The Pandemic Diary: April 25

Like everyone else I am having trouble thinking about anything other than the coronavirus pandemic and the shockwaves it has sent, and will continue to send, through the system. As it began to unfold I found myself thinking, talking, and posting about it fairly constantly. In an effort to try to keep it confined to a given time and place, both physically and psychologically, I am keeping a diary of it all.

Follow this Category for all entires.


April 25: I started wearing glasses to read when I was in college and I’ve worn glasses all day, no matter the circumstances, since I was in law school. I’m not blind without them or anything — I can function — but the world is blurry and harder to navigate without them. I can’t read more than the largest print without it being something of a chore. Driving without them can happen if absolutely necessary, but it’s something I’m not super comfortable with. I basically put on my glasses when I wake up and take them off when I go to sleep with exceptions for showers and swimming and not much else.

Since masks became the rage I, like all glasses wearers, am dealing with this:

There are supposed to be ways to adjust your mask to keep that from happening but I can’t seem to get it right, so I’ve just been leaving my glasses in the car when I go into the grocery store. That’s been mostly OK — my eyes can adjust a bit once I’ve had my glasses off for a while — but it has led to minor tragedies like this:

I grew up on crunchy peanut butter and vowed — like Scarlett Fuckin’ O’Hara — that I would never eat crunchy again after I left home. Now it’s come to this. Crunchy peanut butter? It’s like we’re becoming savages.


From the Washington Post:

“Sometimes you just need to say the president’s wrong,” said a former administration official who, like some others interviewed for this story, spoke on the condition of anonymity to be candid. 

I guess you say he’s wrong sometimes, but oh dear, not now! Not in the newspaper for attribution! If I do that, I may not get a job in the next Republican administration!

Beyond parody.



Here’s an idea: pundits, like our man Lake here, who thought the Iraq War was a great idea and would be quickly and easily won should probably pass on offering their “re-opening the country during the pandemic is a great idea” plans. You already helped ruin one country. Let’s not try to ruin another.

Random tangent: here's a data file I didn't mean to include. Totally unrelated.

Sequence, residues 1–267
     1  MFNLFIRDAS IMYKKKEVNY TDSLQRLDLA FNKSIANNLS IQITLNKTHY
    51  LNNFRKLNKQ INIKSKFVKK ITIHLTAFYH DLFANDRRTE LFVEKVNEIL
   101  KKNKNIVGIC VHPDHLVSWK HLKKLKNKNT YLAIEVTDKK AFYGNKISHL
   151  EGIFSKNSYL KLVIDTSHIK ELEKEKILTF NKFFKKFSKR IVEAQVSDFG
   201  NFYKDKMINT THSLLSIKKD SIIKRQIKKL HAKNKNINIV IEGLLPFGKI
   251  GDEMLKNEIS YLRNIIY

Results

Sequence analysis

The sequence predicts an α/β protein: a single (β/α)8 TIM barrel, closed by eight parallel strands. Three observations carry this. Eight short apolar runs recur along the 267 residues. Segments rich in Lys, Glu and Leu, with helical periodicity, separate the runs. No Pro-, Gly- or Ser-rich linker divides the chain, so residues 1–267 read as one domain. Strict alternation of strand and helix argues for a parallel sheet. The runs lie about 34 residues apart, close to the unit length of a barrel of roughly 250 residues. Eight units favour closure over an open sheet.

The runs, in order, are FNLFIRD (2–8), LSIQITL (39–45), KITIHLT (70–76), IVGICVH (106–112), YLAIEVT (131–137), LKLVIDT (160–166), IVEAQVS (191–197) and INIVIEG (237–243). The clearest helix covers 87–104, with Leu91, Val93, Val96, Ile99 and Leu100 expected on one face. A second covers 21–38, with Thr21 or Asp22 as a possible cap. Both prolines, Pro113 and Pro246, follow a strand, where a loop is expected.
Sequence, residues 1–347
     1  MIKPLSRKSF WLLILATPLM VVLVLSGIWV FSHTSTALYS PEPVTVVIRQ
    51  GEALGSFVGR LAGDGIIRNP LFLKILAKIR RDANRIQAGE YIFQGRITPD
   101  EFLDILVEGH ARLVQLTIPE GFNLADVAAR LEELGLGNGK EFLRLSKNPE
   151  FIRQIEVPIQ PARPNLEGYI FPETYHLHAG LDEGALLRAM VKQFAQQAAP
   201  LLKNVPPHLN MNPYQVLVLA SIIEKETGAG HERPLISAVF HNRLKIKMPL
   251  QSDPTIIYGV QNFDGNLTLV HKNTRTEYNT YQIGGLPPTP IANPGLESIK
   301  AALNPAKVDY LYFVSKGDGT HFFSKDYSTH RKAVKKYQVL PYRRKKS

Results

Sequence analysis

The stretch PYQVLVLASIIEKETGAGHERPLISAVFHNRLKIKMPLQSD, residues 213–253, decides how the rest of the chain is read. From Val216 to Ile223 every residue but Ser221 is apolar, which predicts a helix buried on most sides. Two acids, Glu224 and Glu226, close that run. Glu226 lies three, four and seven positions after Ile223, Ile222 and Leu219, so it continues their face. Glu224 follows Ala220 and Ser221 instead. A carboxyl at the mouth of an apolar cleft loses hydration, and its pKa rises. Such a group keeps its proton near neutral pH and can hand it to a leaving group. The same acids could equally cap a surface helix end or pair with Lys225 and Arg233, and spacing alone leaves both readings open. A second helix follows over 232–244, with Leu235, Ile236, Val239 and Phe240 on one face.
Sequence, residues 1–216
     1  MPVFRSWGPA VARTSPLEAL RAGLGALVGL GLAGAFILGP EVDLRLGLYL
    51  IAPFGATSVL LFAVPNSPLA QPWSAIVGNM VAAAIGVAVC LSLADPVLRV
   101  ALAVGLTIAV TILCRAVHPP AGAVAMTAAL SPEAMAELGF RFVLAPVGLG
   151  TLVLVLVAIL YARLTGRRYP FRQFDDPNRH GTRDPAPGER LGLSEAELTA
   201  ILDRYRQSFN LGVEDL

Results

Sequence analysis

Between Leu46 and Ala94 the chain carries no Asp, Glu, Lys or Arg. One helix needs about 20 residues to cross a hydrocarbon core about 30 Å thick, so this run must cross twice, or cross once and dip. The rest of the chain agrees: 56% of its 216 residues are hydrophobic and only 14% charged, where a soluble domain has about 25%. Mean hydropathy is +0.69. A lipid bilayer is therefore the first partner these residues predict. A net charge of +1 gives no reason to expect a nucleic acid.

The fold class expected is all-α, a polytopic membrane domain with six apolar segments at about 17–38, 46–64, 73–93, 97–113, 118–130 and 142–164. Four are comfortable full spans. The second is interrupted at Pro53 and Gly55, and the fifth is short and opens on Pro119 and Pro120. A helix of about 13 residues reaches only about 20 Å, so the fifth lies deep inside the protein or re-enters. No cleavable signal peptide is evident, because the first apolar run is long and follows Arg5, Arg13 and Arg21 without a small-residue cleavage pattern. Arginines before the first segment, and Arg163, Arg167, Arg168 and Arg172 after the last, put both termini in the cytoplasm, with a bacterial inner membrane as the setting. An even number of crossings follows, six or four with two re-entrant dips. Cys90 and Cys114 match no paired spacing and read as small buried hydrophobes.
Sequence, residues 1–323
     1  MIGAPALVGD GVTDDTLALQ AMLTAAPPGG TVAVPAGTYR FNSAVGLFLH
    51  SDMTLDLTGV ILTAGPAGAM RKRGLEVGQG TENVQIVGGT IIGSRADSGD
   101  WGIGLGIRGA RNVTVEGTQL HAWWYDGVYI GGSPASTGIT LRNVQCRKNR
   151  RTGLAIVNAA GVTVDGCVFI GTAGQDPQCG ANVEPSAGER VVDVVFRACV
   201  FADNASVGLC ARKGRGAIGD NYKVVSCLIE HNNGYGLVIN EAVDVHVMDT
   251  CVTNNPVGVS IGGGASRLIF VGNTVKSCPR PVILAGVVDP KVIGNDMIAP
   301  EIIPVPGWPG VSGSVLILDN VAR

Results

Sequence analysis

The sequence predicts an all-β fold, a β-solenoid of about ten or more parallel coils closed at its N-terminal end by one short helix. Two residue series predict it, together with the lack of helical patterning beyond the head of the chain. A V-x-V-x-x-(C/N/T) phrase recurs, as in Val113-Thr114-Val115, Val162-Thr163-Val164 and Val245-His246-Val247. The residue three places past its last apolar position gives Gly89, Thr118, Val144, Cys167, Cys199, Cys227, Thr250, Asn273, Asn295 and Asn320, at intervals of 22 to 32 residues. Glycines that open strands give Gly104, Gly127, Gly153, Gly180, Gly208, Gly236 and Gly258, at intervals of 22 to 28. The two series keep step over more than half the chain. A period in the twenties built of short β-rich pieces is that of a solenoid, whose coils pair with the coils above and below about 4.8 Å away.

The Columbus-based clothing giant L-Brands decided to sell-off it’s Victoria’s Secret division early this year and found a buyer in a New York private equity firm called Sycamore Partners. The price tag: over half a billion bucks. The deal was supposed to close in June, but then the pandemic hit, stock prices of everything plummeted, with that of retail stores, which are obviously closed, particularly hard hit. Victoria’s Secret has an online business, but I can only imagine that the age of sweatpants and social isolation isn’t doing any favors for sexy underwear. That has led to some serious buyer’s remorse on the part of Sycamore Partners, which has sued in an effort to get out of the deal.

Like any other private equity firm money is the alpha and omega of their concerns, so I get that they’d look for a way out, but I laughed out loud when I read about their basic argument: that L Brands’ reaction to the pandemic violated the terms of the deal, which required Victoria’s Secret to operate “in the ordinary course consistent with past practice.” These are the exact words from their lawsuit:

“Less than one month after L Brands entered into the Transaction Agreement with Plaintiff, however, it closed nearly all of its approximately 1,600 Victoria’s Secret and PINK brick-and-mortar locations globally, including all 1,091 of its Victoria’s Secret and PINK stores in the United States and Canada . . . These actions have caused significant damage to the Victoria’s Secret business . . . That these actions were taken as a result of or in response to the COVID-19 pandemic is no defense to L Brands’ clear breaches of the transaction agreement.”